Preoperative Embolization And Intraoperative Nerve Monitoring In Carotid Body Tumor Resection Are Associated With Worse Outcomes
Robin B. Osofsky, MD, Ross Clark, MD, Jaideep Das Gupta, MD, LeAnn A. Chavez, MD, Sundeep Guliani, MD, Mark Langsfeld, MD, John Marek, MD, Muhammad A. Rana, MD.
University of New Mexico, Albuquerque, NM, USA.
OBJECTIVES: To evaluate the effects of preoperative embolization and intraoperative nerve monitoring on the outcomes following elective resection of carotid body tumors (CBTs).
METHODS: We performed a single center retrospective review of all consecutive patients who underwent CBT resection from 2001 to 2019. Outcomes were compared between CBTs that underwent preoperative embolization versus CBTs without preoperative embolization. Additionally, outcomes were compared for CBTs where intraoperative nerve monitoring (IONM) was utilized with the Nerve Integrity Monitoring System (NIMS) endotracheal tube versus those treated with conventional endotracheal tube.
RESULTS: A total of 46 patients (6 male, 40 female, mean age 50±15 years) underwent resection of 49 CBTs. CBT laterality was 15 (33%) right, 25 (54%) left, and 6 (13%) bilateral. Preoperative imaging modalities utilized were CT angiogram (86%), ultrasound (53%), MRI (37%), and radionucleotide scan (8%) with a mean CBT size of 4.5±1.06 cm. In those with large (≥3 cm) tumors (n=35), preoperative embolization was performed in 51% of cases (n=18) and was associated with increased operative time (OT) (351 vs. 201 mins, P=0.013), incidence of overall complications (56% vs. 18%, P=0.035), and overall cranial nerve injury (56% vs. 18%, P=0.035). No difference was observed in mean estimated blood loss (244 vs. 342 mL, P=0.354), need for internal carotid artery reconstruction (17% vs. 0%, P=0.229) or the incidence of permanent cranial nerve injury (17% vs. 12%, P>0.99). IONM was utilized in 39% of cases (n=18) compared to conventional endotracheal tube in 61% (n=26). IONM was associated with increased OT (372 vs. 182 mins, P<0.001), length of stay (3.8 vs. 2.2 days, P=0.043) and overall cranial nerve injury (39% vs. 8%, P=0.021). A trend toward an increased incidence of overall complications was observed (44% vs. 19%, P=0.098) while no difference in permanent cranial nerve was noted (11% vs. 4%, P=0.558).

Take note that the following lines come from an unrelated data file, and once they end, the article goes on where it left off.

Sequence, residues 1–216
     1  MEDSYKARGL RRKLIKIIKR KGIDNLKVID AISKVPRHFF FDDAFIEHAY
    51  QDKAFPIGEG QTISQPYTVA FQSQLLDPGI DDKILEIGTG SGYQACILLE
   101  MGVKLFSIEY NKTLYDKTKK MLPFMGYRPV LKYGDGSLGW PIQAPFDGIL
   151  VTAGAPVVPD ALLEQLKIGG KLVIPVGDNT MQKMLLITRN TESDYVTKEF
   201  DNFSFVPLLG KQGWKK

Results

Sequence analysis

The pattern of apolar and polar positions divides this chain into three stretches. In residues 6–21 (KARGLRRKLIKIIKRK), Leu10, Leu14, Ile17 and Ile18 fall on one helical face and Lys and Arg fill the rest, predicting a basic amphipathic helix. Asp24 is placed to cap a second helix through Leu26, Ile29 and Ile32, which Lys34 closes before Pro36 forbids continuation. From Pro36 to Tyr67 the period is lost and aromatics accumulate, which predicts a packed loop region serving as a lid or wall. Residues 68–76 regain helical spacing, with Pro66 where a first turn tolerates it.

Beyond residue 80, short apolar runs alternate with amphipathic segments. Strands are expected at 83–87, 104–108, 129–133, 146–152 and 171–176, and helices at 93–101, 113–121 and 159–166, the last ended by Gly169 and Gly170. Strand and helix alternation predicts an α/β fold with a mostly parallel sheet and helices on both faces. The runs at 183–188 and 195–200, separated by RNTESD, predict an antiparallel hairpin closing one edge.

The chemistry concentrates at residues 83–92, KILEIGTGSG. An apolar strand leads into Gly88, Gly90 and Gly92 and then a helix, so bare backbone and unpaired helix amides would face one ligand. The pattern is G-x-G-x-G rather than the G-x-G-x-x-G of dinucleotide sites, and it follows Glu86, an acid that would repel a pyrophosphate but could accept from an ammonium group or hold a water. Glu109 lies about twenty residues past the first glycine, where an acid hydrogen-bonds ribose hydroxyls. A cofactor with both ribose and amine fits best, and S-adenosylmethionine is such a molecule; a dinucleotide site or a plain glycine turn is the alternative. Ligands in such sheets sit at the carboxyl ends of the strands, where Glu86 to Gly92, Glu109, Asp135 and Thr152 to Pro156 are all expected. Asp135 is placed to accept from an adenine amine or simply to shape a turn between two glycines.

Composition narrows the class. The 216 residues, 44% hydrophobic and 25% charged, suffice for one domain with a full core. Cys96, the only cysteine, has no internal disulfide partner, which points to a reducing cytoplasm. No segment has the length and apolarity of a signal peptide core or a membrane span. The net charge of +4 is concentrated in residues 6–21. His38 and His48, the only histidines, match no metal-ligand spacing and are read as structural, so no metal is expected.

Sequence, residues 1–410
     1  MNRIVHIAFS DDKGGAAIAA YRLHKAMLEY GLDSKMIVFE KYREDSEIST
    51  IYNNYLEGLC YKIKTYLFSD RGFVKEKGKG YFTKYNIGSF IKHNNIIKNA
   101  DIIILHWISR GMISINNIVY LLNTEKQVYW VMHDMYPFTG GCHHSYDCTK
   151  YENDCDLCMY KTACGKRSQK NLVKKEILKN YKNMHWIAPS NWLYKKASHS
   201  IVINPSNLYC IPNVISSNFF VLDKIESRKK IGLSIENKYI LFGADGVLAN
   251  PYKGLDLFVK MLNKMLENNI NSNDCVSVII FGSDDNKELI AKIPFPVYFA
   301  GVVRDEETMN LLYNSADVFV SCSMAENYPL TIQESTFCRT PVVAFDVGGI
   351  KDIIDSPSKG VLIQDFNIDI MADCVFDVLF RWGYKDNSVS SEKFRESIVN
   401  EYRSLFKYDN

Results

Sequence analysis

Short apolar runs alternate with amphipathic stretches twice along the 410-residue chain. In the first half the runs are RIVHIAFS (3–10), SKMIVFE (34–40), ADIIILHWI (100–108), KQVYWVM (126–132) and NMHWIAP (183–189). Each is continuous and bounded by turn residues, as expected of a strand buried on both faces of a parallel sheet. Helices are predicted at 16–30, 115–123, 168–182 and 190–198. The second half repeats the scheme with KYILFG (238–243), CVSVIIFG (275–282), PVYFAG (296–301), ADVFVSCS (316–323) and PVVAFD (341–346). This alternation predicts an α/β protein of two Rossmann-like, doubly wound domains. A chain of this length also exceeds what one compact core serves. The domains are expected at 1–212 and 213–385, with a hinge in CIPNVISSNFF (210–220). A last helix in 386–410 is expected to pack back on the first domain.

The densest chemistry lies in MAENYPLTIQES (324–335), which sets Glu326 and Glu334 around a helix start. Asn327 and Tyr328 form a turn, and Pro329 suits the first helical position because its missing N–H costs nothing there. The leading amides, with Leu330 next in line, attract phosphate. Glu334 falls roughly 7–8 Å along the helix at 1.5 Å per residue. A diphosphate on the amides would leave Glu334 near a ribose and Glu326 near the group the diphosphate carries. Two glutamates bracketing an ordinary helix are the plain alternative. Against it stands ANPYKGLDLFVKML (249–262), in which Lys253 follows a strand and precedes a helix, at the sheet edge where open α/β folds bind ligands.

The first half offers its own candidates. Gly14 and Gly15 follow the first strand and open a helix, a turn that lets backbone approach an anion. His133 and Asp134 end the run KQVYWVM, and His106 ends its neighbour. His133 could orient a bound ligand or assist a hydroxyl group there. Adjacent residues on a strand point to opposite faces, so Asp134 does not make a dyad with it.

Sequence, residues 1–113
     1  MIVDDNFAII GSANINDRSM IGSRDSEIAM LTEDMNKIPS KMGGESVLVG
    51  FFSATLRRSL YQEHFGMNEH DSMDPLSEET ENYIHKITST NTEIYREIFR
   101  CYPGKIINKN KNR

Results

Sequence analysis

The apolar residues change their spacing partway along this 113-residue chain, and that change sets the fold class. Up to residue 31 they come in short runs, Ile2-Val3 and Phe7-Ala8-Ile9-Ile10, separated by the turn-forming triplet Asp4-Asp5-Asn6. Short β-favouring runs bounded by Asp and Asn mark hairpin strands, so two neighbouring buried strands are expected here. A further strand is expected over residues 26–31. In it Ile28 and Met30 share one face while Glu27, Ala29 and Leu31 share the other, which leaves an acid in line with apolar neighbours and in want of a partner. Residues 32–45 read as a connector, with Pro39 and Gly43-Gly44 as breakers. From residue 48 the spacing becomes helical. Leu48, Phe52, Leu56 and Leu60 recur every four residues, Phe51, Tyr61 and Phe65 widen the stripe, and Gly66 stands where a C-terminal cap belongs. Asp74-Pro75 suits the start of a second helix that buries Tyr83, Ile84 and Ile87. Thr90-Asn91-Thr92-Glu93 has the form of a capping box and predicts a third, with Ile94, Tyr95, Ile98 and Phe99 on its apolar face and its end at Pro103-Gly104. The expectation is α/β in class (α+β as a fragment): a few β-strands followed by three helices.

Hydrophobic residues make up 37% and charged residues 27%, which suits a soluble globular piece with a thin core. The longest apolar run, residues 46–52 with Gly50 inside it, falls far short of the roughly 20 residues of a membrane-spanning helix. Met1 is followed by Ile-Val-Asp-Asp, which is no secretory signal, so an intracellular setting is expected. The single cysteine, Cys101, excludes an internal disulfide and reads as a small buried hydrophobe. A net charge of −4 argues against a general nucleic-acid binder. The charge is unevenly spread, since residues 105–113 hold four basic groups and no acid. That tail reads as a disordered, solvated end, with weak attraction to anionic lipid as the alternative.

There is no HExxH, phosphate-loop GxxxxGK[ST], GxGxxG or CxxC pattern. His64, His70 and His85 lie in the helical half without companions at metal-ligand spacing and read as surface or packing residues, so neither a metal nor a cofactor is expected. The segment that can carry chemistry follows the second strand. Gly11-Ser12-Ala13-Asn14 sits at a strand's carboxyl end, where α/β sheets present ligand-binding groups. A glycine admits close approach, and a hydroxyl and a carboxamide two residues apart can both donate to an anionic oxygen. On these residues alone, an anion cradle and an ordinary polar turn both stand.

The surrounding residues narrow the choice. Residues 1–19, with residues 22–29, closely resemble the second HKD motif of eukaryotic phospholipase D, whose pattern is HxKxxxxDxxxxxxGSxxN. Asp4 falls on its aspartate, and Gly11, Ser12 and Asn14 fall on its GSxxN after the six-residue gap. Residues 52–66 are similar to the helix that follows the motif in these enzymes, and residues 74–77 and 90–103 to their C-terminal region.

CONCLUSIONS: The utility of preoperative embolization and intraoperative nerve monitoring should be called into question as these modalities appear to be paradoxically associated with a significant increase in operative time, incidence of complications and cranial nerve injury after controlling for tumor size.
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